Two staff members and one patient have tested positive, all on the same floor

A long-term care worker receives the Pfizer vaccine at a clinic in Nanaimo earlier this month. (Island Health photo)
All Island seniors in long-term care will be vaccinated by the end of this weekend

Immunization of high-risk population will continue over the next two months

Wet’suwet’en supporters and Coastal GasLink opponents continue to protest outside the B.C. Legislature in Victoria, B.C., on Thursday, February 27, 2020. THE CANADIAN PRESS/Chad Hipolito
‘We’re still in it’: Wet’suwet’en push forward on rights recognition

The 670-km Coastal GasLink pipeline was approved by B.C. and 20 elected First Nations councils on its path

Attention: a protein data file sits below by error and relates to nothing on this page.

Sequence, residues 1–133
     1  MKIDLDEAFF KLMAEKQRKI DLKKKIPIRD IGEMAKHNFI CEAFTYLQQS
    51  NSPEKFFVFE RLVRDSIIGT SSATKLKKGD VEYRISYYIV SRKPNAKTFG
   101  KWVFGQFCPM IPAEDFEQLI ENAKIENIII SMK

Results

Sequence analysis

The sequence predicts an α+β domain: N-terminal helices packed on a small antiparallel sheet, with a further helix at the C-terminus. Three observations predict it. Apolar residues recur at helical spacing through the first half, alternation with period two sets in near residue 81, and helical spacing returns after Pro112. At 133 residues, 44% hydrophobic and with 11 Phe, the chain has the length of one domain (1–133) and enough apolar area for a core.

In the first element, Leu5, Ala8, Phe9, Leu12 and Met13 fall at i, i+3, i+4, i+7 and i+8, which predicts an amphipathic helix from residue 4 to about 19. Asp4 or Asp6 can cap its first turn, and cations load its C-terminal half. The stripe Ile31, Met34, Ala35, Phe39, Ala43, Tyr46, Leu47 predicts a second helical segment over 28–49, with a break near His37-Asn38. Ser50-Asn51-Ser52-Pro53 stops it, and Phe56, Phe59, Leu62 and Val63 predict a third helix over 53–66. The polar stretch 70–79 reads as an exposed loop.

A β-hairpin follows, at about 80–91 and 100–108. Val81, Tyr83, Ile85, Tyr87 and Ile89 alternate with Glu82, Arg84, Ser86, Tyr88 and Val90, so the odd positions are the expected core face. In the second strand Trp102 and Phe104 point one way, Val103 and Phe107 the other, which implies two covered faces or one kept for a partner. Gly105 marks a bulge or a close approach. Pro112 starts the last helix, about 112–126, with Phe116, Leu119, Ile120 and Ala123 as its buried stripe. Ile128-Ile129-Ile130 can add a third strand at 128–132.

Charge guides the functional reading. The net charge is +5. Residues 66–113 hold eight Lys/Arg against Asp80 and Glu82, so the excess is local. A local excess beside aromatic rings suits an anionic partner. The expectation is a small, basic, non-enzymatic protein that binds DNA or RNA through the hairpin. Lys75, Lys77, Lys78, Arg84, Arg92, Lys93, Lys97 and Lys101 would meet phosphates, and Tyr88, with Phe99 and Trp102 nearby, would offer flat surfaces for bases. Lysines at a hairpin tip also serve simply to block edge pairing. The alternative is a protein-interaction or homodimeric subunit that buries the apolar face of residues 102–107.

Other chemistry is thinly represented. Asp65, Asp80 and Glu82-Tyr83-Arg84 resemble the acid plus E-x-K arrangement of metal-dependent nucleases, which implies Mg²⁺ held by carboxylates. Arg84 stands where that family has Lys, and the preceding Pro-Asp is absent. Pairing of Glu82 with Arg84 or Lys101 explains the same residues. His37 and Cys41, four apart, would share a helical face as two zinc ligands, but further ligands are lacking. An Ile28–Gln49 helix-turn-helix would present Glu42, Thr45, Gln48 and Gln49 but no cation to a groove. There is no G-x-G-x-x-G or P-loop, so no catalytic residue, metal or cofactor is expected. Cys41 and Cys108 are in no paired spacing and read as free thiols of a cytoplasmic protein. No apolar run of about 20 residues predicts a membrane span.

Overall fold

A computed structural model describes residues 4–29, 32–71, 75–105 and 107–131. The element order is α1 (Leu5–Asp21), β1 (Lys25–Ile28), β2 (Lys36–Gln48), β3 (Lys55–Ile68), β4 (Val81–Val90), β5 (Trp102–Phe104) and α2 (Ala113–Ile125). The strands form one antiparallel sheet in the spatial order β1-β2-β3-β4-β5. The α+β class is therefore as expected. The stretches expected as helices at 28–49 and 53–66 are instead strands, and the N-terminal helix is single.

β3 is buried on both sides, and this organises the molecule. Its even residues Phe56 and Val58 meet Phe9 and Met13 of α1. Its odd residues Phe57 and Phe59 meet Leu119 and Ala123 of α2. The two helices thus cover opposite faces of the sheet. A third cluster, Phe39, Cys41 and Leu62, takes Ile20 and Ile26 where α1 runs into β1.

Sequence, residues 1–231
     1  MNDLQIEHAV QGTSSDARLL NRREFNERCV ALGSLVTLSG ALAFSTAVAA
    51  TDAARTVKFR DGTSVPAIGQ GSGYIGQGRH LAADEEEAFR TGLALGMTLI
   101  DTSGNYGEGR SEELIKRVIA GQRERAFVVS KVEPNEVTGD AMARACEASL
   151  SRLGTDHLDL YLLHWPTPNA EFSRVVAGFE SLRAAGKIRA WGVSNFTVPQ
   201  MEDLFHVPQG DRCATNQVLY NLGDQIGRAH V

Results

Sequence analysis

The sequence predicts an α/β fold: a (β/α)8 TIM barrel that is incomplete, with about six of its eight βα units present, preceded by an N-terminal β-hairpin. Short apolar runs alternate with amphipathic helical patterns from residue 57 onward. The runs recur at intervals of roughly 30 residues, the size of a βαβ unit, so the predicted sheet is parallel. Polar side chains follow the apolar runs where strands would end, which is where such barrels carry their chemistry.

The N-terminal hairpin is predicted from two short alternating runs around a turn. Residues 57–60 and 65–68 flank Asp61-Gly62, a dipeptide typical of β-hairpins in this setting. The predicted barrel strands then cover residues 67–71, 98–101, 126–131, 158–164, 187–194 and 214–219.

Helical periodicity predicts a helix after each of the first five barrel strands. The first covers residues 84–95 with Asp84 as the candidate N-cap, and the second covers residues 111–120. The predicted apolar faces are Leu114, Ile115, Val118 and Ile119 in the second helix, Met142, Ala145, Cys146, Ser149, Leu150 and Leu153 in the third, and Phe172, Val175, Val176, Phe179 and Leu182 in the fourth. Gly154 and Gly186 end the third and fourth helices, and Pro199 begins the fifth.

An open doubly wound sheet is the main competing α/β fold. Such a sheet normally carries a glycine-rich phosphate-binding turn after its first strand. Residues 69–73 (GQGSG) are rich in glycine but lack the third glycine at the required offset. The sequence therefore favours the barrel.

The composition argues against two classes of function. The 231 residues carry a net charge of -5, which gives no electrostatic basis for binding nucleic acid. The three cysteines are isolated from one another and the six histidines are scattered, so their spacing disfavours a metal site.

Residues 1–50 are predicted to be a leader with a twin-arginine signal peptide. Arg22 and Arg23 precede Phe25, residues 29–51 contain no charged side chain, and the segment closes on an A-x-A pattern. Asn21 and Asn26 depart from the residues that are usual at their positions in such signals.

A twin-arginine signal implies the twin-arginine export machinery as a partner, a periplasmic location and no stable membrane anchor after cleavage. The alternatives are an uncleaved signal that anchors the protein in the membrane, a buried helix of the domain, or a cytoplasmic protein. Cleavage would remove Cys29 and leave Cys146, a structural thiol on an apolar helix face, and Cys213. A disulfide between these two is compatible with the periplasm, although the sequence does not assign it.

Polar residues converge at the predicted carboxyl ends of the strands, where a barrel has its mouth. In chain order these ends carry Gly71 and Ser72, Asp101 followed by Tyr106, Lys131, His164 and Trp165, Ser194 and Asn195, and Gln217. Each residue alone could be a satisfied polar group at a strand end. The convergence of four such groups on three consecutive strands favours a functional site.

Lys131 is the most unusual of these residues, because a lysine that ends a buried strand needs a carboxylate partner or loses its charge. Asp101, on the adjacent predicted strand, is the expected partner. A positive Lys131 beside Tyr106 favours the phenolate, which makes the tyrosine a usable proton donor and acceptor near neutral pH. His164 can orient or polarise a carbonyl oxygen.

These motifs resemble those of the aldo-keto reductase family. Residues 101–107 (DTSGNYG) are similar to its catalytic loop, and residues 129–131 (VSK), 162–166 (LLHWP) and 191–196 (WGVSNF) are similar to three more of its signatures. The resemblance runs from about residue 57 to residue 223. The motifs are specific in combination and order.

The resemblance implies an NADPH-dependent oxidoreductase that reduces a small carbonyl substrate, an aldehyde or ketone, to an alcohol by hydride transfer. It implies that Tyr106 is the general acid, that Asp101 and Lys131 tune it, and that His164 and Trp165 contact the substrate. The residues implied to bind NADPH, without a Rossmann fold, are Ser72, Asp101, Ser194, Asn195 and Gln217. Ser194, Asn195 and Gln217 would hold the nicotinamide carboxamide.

Jennifer Cochrane, a Public Health Nurse with Prairie Mountain Health in Virden, administers the COVID-19 vaccine to Robert Farquhar with Westman Regional Laboratory, during the first day of immunizations at the Brandon COVID-19 vaccination supersite in Brandon, Man., on Monday, January 18, 2021. THE CANADIAN PRESS/Tim Smith - POOL
Top doctor urges Canadians to keep up with COVID measures, even as vaccines roll out

More than 776,606 vaccines have been administered so far

From the left: Midway RCMP Csts. Jonathan Stermscheg and Chris Hansen, Public Servant Leanne Mclaren and Cpl. Phil Peters. Pictured in the front are Mclaren’s dog, Lincoln and Peters’ dog, Angel. Photo courtesy of BC RCMP
B.C. Mounties commended for bringing firewood to elderly woman

Cpl. Phil Peters said he and detachment members acted after the woman’s husband went to hospital

Most Read